Optimism in America? 2

[I’m just going tp pit this post up and let the air clear again. I was working on other things and didn’t get today’s done. But Jessica reminds us of some eternal verities here. America was built on optimism, and we’d be remiss if we see only the gloom these days. So enjoy. Neo]
America optimism

One thing which has always struck me about America, and it is one of the reasons that FDR and President Reagan stand so pre-eminent, is that it is built on optimism. When you think of the situation of the Founding Fathers, goodness, what a leap of faith! They literally laid their lives on the line in a fight for independence against the great British Empire with its huge military might; but they triumphed. Their Republic consisted of twelve States on the eastern edge of a great, and largely unexplored Continent, with French and Spanish territory to the south and south-west; Louisiana essentially barred the route westward; Spanish Mexico barred the route to the south. Yet, within fifty years of the founding of the Republic, these barriers had vanished.

West of the Missouri, however, despite Lewis and Clark’s famous expedition, was more or less terra incognita, and even within the United States, tension was growing between the slave-holding States and the Free, so much so that by the 1860s, the Republic was tearing itself apart in one of the bloodiest of civil wars. Until the end of World War II there was hardly a decade when Bruce Springsteen’s lines about having ‘no work, because of the economy’ were not true; forty-odd years of exceptional prosperity in a material sense may have inculcated the belief that somehow the Republic’s people would always live on easy street – but that, whilst being part of the American hope, was never necessarily something most people actually achieved; you only have to look at the history of the Irish and Italian immigrants to see how it was for many first generation ‘Americans'; and of the suffering of the slaves, well, that is indeed a scar on the conscience.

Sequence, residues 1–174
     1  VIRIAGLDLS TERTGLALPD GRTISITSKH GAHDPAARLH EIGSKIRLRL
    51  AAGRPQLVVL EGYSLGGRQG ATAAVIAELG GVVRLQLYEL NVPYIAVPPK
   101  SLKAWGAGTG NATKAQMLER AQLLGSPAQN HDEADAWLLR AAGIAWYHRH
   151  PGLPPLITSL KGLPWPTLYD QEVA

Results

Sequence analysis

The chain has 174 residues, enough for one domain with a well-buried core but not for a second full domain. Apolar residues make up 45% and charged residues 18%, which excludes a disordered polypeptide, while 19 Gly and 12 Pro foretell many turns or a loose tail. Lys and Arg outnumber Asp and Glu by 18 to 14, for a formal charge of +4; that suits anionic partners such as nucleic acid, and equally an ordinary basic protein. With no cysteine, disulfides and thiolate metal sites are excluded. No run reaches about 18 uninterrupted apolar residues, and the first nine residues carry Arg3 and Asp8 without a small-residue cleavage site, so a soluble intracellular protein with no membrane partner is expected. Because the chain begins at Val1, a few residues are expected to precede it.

But, despite of these things, America got on with it. Shady politicians? Crooked businessmen and bankers with their hold over the politicians? Politicians who were in it for themselves? Pork-barrelling? Faction fighting? Bitter insults hurled by political opponents at each other?  These are not new, these are American history; and you know what? America is bigger than them all. Sure, there are worrying developments – that FDR and his attempts to use SCOTUS to put in place that socialistic ‘New Deal’, with that Communist Wallace and Harry Hopkins, that really worries me! What’s that, that happened in the 1930s? Oh well, I mean Obama and Pelosi – except they don’t have an ounce of the talent and drive of FDR and his ‘Brains Trust’. The Great Republic remains standing. Does that mean that the fears of FDR’s opponents were wrong? Or does it mean that their vigilance stopped the worst happening? Or does it mean that the realities of America proved too great even for FDR’s ambitions? I confess I don’t know.

But what I do know is that at his first election Obama spotted something important – he knew that the American people are optimists, ‘can do’ people; after all, how many of their ancestors would have been there had they not been so?  So when he ran on a rhetoric of ‘hope’ he struck an authentic chord in the American people. It was one his opponents did not catch and still show insufficient sign of catching. It is all very well to call Obama out for being pretty useless, and to prophesy that the skies will darken and the waters rise and doom will fall upon the land; but is it a political programme to put before a People founded on the optimistic dreams of a bunch of guys who, if they’d calculated, would have paid the tax on tea and gotten on with feathering their nests?